Oct. 25, 2008
By Phil Landry
Athletic Media Relations Student Assistant
With experienced tailbacks Terrance Gass and Mike Kielt roaming Holy Cross' backfield, the Crusaders have been able to use a potent running game to manage their offense. As seniors, Gass and Kielt provide leadership both on and off the field to guide their team to success. Though their running styles differ, both players have the common goal of a winning season and a Patriot League Championship title.
Originally from Sicklerville, N.J., Gass has found that college football is an entirely different game than what he experienced in high school. "The speed of the game and the competition are the biggest differences. In high school, you might have people who do not go to workouts or are not as strong, but in college, everyone is working out and everyone is strong. You are always going against top level competition," said Gass.
Gass has found that in order to find success on the collegiate level, he must be willing to work hard. "It was a big adjustment going into college especially because I am not the biggest player on the field -- for the most part, everyone is bigger than me," he continued. "I have to play bigger than my size just so I can manage against them."
Gass' statistics are evidence of the hard work he has put in to improve his game. Last season, he led the team in rushing with 563 yards and six touchdowns on 101 carries. He also caught 27 passes for 318 yards and four touchdowns while ranking fourth in the Patriot League in both rushing yards and scoring. His performance earned him second team All-Patriot League honors.
Picking up where he left off last season, Gass is already giving headaches to opposing defenses. He has run for 245 yards and a team-best five touchdowns. Because of his hard work, Gass' teammates are not surprised with the success he has had. "Going into his junior year and this year, his work ethic over the summer to get himself ready for the seasons has been outstanding. He really brought himself into shape and it showed last year with the season he had," said Kielt.
Gass embraces his responsibility that goes along with being the team's top rusher. "You know you have to make plays for your team. You have to work together with your teammates in order to win, especially being an offensive guy," continued Gass. "That is my job as a running back. I have to do everything in my power to make a big play and get in the end zone so my team can come out victorious in every game."
Big plays have been commonplace when it comes to Gass running the football. "He has become the playmaker out of the both of us," said Kielt. "He is the guy that when the team needs a big play he is going to make it for us. He is fast, makes cuts and makes people look silly out there. He is just an all around great player."
With an eye on the team's goals, Gass does not let his personal ambitions get in the way of what is best for the team. "As a running back, you want to rush for 1,000 yards and score multiple touchdowns, but you play your role for the team. You have to do whatever you can to get the win. My first and foremost goal is to win a Patriot League Championship and go to the NCAA Playoffs."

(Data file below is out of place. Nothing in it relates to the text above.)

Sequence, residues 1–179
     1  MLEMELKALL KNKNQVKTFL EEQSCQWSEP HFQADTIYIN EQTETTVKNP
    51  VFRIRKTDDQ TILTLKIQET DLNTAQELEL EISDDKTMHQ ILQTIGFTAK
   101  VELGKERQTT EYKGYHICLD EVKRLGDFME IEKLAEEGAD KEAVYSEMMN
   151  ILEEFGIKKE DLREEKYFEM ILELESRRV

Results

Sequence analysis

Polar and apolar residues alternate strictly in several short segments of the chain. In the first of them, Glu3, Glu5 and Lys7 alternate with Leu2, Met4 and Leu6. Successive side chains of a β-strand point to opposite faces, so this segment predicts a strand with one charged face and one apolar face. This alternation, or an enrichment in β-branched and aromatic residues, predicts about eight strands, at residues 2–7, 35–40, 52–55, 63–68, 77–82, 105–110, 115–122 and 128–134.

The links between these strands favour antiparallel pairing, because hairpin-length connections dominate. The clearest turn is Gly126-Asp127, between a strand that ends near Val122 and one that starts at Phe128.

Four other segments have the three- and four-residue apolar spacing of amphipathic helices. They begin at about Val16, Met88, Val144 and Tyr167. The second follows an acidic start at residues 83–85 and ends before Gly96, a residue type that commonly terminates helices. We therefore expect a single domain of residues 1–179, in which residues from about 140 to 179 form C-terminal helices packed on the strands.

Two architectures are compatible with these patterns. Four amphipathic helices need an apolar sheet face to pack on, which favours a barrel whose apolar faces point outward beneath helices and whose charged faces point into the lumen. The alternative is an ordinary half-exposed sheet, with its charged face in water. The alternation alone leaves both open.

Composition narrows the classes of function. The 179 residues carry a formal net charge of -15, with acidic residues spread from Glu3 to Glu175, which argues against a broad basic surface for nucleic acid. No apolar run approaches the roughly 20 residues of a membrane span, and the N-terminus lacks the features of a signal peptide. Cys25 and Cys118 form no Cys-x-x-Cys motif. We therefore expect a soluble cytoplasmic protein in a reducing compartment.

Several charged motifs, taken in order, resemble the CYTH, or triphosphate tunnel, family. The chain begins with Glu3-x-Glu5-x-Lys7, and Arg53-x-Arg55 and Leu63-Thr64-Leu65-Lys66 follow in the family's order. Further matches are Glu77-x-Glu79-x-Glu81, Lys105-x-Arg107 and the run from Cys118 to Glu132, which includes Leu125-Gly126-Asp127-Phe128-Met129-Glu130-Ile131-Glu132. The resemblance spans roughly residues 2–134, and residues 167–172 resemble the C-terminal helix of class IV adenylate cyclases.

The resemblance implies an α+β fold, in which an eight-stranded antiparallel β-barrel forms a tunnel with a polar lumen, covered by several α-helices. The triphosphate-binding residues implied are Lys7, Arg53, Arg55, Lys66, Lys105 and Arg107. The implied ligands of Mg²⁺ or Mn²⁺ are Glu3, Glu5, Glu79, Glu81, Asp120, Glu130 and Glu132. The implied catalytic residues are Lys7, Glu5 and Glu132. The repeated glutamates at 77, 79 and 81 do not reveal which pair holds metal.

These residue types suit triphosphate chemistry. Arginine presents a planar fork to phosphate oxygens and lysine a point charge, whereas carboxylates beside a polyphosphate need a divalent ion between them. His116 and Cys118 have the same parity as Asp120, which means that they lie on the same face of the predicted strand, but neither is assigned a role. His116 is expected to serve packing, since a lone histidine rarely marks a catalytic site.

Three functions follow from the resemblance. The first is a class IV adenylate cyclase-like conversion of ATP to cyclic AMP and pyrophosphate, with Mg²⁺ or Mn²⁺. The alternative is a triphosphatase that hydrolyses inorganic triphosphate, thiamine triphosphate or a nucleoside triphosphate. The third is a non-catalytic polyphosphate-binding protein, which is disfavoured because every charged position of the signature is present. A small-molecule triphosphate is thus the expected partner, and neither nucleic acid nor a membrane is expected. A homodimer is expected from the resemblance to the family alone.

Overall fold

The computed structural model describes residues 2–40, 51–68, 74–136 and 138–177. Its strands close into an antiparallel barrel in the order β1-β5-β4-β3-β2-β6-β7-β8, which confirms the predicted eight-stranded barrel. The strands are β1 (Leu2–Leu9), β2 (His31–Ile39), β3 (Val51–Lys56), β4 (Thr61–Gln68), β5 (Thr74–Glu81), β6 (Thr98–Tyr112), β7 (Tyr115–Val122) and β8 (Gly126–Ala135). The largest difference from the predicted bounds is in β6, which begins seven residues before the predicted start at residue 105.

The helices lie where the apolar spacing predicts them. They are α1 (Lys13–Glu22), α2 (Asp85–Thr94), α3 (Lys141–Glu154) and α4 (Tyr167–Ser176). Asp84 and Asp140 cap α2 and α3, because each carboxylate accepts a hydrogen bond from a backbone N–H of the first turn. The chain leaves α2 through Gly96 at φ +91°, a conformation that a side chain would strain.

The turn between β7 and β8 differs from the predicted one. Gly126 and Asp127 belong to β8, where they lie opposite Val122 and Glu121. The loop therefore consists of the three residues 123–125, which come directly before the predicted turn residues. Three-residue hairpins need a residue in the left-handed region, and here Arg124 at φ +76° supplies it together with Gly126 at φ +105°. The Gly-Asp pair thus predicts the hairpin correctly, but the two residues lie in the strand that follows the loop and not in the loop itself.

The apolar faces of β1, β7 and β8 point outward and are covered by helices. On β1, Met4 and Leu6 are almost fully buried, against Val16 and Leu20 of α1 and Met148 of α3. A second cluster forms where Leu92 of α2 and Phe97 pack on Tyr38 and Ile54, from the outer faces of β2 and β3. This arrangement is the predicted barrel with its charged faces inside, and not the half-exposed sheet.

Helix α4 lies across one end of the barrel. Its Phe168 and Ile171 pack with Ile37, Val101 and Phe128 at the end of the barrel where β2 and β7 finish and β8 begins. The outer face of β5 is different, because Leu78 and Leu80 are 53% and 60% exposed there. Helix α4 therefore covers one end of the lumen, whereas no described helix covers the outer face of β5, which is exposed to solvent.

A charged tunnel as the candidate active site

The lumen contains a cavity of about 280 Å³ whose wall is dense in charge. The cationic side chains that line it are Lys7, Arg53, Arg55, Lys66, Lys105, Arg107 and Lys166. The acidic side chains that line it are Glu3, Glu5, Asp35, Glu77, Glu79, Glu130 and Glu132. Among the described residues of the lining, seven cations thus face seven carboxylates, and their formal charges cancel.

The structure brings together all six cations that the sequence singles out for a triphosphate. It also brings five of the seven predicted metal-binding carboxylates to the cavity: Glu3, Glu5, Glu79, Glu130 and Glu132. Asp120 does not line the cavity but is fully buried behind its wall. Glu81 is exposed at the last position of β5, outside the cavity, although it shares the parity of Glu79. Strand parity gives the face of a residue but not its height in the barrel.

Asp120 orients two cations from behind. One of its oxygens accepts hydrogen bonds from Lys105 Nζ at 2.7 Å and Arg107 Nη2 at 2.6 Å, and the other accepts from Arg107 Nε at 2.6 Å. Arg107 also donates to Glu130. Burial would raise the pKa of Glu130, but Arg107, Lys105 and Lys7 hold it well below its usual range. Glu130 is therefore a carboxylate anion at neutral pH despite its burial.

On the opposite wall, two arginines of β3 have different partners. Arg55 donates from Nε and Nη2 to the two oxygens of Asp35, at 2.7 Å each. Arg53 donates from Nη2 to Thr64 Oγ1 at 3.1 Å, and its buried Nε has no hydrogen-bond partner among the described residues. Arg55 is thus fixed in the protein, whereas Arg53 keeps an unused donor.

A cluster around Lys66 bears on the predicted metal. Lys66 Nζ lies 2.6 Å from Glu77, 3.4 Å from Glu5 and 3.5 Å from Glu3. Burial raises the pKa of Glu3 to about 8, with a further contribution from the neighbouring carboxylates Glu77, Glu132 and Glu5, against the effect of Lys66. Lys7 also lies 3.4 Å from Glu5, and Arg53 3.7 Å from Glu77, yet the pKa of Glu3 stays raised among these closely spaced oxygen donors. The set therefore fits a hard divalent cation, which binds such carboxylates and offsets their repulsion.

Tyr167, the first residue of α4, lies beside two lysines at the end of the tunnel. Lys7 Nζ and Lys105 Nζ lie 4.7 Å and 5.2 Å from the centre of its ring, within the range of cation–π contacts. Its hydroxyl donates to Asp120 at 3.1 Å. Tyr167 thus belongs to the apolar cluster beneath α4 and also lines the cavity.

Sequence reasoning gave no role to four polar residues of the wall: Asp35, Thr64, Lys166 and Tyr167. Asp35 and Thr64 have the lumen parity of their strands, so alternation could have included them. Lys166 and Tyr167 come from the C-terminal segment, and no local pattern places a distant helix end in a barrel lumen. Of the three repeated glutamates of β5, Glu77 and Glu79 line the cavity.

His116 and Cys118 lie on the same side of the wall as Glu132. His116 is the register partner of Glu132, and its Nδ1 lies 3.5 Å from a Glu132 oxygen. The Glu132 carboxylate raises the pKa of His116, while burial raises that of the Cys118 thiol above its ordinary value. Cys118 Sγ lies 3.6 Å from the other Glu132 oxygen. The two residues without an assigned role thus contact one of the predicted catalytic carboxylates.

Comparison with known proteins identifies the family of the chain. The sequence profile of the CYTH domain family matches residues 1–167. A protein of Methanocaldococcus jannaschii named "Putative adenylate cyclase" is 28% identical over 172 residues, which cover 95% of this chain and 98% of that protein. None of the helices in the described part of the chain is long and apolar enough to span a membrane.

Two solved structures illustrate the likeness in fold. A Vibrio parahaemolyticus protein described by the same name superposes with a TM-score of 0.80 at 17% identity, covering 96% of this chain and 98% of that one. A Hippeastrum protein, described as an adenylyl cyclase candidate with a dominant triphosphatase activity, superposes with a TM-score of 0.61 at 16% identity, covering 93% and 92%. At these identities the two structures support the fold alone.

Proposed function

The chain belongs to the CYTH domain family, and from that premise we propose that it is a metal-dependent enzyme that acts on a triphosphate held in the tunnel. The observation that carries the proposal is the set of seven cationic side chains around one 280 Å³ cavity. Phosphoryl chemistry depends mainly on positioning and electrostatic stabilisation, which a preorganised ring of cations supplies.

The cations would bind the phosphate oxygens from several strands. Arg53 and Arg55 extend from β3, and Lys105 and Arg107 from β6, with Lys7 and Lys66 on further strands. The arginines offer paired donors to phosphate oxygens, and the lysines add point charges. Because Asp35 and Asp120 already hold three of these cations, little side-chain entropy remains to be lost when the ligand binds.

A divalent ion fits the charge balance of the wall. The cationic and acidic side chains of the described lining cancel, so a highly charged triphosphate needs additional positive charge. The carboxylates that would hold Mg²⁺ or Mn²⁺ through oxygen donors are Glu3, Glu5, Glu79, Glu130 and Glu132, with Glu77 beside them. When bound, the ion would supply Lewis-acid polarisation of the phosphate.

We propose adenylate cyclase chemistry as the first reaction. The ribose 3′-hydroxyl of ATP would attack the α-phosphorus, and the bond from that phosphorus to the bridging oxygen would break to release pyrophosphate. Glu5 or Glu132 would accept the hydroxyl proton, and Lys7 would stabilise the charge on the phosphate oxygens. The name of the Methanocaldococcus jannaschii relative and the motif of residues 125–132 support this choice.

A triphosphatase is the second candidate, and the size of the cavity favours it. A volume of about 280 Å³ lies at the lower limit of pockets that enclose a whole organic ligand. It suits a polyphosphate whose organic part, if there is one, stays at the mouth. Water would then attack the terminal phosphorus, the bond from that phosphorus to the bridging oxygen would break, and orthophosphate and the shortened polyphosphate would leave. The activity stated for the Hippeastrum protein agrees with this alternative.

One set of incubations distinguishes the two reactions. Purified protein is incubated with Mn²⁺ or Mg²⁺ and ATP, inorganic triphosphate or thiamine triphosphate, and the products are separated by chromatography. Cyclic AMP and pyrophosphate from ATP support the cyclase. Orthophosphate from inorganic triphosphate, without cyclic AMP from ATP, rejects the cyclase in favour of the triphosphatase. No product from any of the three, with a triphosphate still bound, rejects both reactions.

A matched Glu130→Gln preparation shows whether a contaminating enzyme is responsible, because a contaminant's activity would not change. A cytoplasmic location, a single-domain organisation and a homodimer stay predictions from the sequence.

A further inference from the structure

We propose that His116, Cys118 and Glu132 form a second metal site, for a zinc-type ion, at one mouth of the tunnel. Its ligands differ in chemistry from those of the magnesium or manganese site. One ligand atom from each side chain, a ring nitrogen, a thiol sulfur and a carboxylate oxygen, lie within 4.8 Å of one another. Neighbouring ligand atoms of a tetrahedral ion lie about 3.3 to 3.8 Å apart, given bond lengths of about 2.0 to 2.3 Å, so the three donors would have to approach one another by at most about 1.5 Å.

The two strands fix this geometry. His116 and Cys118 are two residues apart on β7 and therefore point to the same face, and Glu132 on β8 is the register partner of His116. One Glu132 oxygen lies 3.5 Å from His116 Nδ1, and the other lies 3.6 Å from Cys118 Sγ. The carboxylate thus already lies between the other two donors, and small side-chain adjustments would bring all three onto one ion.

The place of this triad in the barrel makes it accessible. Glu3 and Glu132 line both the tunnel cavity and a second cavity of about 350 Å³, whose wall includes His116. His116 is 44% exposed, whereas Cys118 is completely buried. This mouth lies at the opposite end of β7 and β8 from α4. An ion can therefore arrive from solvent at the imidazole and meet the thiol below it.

Kielt holds the same aspirations as Gass. "The biggest goal which we have set from day one is to win a Patriot League Championship so we can go to the playoffs. Offensively, we just want to go out there and score points and show people what we can do."
Kielt has also been a big part of that Crusader offense. As Gass states, he brings a lot more to the table than just rushing yards. "He knocks people out and is a very hard hitter. When you look at him on the field you might not think so, but when you go against him all you can say is `that kid is a great player,'" continued Gass. "He is tough, physical, and he will wear you out and come after you all game." If Gass is the more finesse playmaker, Kielt is the power runner. "He is more the type to put his shoulder down and run you over," said Gass.
While watching Kielt punish opposing defenders, it is hard to imagine the Southbury, Conn., native was once tentative on the field. "I started playing football in fifth grade Pop Warner. At first I was a little timid because I had come from playing soccer, but after a few years I started to really enjoy it," said Kielt.
Regarded as one of the hardest workers on the team, Kielt found early success running the ball for the Crusaders' offense. In only his sophomore year, Kielt led the Crusaders in rushing with 524 yards and six touchdowns on 108 carries. With Gass out last week, Kielt had to handle the load on his own. He responded by running for 120 yards and three touchdowns, and catching five passes for 70 yards and another score. He now leads the team in rushing yards on the year with 334.
Both seniors consider Gilmore to be one of the main reasons they have improved over their four years at Holy Cross. "He is a really good guy who instills doing the work and doing it as hard as you can. He is really intense and is not afraid to get in your face and let you know if you are not doing things right. He really wants to make you work harder," said Kielt.
"He is a tough coach in a good sense," said Gass. "He has made me mentally strong as an individual so that any challenge, not just the ones I face on the football field, I will know how to handle because of the toughness he instilled in me."
As leaders of the offense, both Kielt and Gass look to finish out the season strong. "We are really looking forward to getting further into league play and showing people that we are one of the better teams in this league," said Kielt.
"We know we need to play more together as a team for 60 minutes as far as an offense and defense is concerned," continued Gass. "If both sides of the ball are playing to our potential at the same time, we feel like no one can stop us."